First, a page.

US3090396 *Feb 10, 1960May 21, 1963Bruner CorpRotatable spindle valve
US3091946 *Oct 6, 1958Jun 4, 1963Gen Motors CorpCabinet and process for making same
US3142599 *Nov 27, 1959Jul 28, 1964Sealed Air CorpMethod for making laminated cushioning material
US3179726 *Jan 2, 1964Apr 20, 1965Johns ManvilleVacuum corrugator
US3208898 *Mar 9, 1960Sep 28, 1965Sealed Air CorpApparatus for embossing and laminating materials
US3236373 *Nov 7, 1963Feb 22, 1966Haveg Industries IncCigarette package
US3244779 *Jun 29, 1962Apr 5, 1966John LeveySelective heating and drawing of plastics
US3244780 *Jun 29, 1962Apr 5, 1966Levey JohnDifferential heating and drawing of plastics
US3297823 *Mar 21, 1963Jan 10, 1967Heinrich Friedrich SchroederSafety screens for television sets
US3320108 *Nov 26, 1963May 16, 1967Bernard Z LandeMethod of forming tufted cushion elements
US3373069 *Aug 10, 1964Mar 12, 1968Nasa UsaMethod of making an inflatable panel
US3546039 *Feb 17, 1967Dec 8, 1970Richard L CookMethod for making puncture resistant material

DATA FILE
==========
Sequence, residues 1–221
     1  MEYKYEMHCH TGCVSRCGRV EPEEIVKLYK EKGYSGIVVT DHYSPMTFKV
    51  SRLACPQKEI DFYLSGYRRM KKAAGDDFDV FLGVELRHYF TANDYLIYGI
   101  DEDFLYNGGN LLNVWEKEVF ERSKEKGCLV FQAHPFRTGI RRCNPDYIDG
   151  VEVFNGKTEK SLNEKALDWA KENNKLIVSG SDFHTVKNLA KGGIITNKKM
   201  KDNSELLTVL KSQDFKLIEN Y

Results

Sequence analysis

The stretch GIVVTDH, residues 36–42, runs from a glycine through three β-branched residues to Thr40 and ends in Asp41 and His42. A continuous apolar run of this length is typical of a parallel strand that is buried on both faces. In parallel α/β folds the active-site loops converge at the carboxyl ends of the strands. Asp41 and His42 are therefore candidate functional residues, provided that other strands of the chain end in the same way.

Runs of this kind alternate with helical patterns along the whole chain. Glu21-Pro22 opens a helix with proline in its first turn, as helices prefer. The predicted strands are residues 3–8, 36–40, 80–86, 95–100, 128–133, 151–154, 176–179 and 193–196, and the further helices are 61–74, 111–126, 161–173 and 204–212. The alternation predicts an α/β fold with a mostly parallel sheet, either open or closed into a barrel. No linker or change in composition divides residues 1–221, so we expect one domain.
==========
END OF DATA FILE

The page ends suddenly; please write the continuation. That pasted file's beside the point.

US3617589 *Apr 18, 1968Nov 2, 1971James Jones HintonMethod for manufacturing table-tennis balls
US3660189 *Apr 28, 1969May 2, 1972Constantine T TroyClosed cell structure and methods and apparatus for its manufacture
US4473423 *Sep 16, 1983Sep 25, 1984University Of UtahUsing thermoplastic elastomer material
US4592718 *May 1, 1985Jun 3, 1986Syoichi TeraokaApparatus for molding hollow plastic articles
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Classifications
U.S. Classification264/545, 264/553, 156/210, 264/547, 264/552, 156/145
International ClassificationB29C65/02, B29C51/10, B29D22/00, B29C69/00, B29C51/00, B29C51/04
Cooperative ClassificationB29D22/00, B29C51/10, B29C51/267, B29C51/04, B29C51/006, B29C66/534, B29C65/02
European ClassificationB29C66/534, B29C51/26M2, B29C65/02, B29C51/04, B29C51/00C, B29C51/10, B29D22/00